Saturday, June 23, 2012

The Ranting Is Over

Dylan Ratigan - whom I call "Dylan Rantigan" for his perpetual tirades against banks, corporations, and everything else that is a symptom of our atrocious capitalist system – has left MSNBC, and it’s not because that ratings of his show (which aired in the 4 PM Eastern hour) sucked.  In fact, he was doing quite well.  Ratigan decided to leave when his MSNBC contract was up because, after spending three years ranting and raving about the suckfest that is the American corporate-political complex, the former financial reporter concluded that it was time to actually do something about it.  He doesn't know what that something is yet.  But he's aware that hosting a daytime political talk show is not the way to combat the problem, despite his own best efforts (like his "Get the Money out of Politics" campaign).  But Ratigan has ended his show convinced that he's at least succeeded in at least getting his message out.  It’s just that, after three years, he has nothing left to say that he hasn't already said.         
Martin Bashir, whose own MSNBC show occupied in the 3 PM Eastern slot, now moves to the time slot Ratigan just vacated, and the 3 PM Eastern slot will be filed by a new show, “The Cycle,” in which four young pundits – conservative commentator S.E. Cupp,  the singularly named writer and hip-hop critic TourĂ©,’s Steve Kornacki, and the hilariously named young Democrat Krystal Ball – take turns as hosts of a discussion of the nation’s affairs – in the style of Fox News’s "The Five," which is in the style of ABC’s "The View."  So, "The Cycle" is actually two steps away from an original idea from the start, like a Billy Joel song.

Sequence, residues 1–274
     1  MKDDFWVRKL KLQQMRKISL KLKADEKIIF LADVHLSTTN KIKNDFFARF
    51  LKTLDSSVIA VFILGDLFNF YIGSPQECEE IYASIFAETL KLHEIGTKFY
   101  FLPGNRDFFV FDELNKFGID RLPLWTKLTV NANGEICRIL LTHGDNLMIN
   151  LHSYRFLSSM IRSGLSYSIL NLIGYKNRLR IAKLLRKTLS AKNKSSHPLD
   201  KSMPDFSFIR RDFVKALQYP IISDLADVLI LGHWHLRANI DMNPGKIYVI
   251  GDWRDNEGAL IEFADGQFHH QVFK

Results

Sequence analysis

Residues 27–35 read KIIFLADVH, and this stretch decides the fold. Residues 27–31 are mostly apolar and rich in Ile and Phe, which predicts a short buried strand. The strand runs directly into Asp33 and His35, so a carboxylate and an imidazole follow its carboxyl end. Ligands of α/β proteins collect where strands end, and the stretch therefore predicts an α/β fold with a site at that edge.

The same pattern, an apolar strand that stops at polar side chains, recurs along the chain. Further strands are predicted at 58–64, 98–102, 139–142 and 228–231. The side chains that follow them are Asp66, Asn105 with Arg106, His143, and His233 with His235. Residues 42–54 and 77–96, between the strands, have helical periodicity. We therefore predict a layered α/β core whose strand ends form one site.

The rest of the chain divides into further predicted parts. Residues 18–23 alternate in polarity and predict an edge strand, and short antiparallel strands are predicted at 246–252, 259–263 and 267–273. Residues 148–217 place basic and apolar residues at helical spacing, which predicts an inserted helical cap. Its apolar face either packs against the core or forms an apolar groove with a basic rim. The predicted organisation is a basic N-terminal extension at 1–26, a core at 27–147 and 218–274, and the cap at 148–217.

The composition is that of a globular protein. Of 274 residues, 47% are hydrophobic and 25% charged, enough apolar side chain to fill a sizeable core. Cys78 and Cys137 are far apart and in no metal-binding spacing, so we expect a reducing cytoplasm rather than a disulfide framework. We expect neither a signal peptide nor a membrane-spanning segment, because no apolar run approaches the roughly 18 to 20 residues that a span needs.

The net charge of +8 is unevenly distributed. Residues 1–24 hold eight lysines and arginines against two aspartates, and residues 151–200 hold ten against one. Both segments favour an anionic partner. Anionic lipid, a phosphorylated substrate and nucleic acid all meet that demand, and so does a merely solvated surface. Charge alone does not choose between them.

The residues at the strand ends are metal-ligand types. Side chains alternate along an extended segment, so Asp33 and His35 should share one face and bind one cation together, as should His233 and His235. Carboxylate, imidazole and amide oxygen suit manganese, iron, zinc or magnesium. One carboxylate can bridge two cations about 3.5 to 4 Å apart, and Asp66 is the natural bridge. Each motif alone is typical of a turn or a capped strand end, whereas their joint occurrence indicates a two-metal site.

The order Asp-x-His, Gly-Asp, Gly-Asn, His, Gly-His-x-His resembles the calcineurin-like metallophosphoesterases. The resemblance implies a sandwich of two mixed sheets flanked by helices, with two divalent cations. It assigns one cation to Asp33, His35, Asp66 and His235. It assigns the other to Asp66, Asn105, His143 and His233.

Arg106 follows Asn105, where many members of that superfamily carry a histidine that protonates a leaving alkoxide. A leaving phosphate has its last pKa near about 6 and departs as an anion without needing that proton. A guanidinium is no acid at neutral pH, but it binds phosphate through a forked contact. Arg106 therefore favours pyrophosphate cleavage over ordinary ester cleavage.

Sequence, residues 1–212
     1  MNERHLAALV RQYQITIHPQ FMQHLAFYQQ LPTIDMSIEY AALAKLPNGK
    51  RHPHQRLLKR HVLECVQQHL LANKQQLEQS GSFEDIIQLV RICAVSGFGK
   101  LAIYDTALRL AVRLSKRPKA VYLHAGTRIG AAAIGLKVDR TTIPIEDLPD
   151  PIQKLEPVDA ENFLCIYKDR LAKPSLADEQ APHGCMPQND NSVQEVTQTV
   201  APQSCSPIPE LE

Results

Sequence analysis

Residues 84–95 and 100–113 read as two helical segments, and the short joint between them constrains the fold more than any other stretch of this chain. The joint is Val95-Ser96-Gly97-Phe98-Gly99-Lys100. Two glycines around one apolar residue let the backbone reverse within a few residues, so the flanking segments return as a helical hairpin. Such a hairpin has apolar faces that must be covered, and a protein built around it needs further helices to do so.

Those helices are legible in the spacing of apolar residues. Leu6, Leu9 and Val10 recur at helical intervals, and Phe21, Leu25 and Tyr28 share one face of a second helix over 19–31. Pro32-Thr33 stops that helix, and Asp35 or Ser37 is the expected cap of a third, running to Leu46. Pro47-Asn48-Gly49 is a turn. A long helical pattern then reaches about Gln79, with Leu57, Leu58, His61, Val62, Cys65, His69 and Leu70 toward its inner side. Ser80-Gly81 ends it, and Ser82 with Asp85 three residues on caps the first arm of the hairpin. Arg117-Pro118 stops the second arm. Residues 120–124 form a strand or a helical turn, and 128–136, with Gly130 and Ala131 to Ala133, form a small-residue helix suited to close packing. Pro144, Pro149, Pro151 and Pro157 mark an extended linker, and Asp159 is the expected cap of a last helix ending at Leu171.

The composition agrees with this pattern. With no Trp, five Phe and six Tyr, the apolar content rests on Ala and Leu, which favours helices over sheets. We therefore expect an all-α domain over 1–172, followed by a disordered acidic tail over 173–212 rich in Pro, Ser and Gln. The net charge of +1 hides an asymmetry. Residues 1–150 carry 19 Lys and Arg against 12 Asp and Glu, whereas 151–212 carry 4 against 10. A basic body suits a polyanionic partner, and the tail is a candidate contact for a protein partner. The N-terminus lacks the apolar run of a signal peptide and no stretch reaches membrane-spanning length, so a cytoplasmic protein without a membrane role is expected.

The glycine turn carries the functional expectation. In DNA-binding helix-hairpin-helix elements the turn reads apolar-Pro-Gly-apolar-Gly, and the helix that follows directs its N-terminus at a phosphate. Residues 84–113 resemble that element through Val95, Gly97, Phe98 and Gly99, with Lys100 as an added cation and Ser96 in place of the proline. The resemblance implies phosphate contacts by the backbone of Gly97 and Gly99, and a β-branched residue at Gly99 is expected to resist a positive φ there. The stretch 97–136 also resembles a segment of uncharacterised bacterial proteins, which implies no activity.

You know, maybe MSNBC would do better to reserve at least one block of time for actual news reporting rather than punditry.  But, if they're going to have a new commentary show to fill the void left by Ratigan, why not give Karen Hunter her own show?  She's bright and she’s articulate, and my opinion of her has nothing to do with the fact that we both attended Drew University in New Jersey in the eighties . . .  okay, maybe it has a little to do with that.  But hey, I see it this way; I wanted to get into broadcasting when I was in college  –  Karen and I both had shows on Drew's radio station  –  but the Muses apparently dictated that only one Drew graduate from the 1980s could get the big broadcasting career, so if there’s only room for one, it might as well be Karen.  Besides, my dream career in broadcasting was to be a rock radio DJ, a job now almost as obsolete as blacksmithing, so it obviously wasn’t meant to be.

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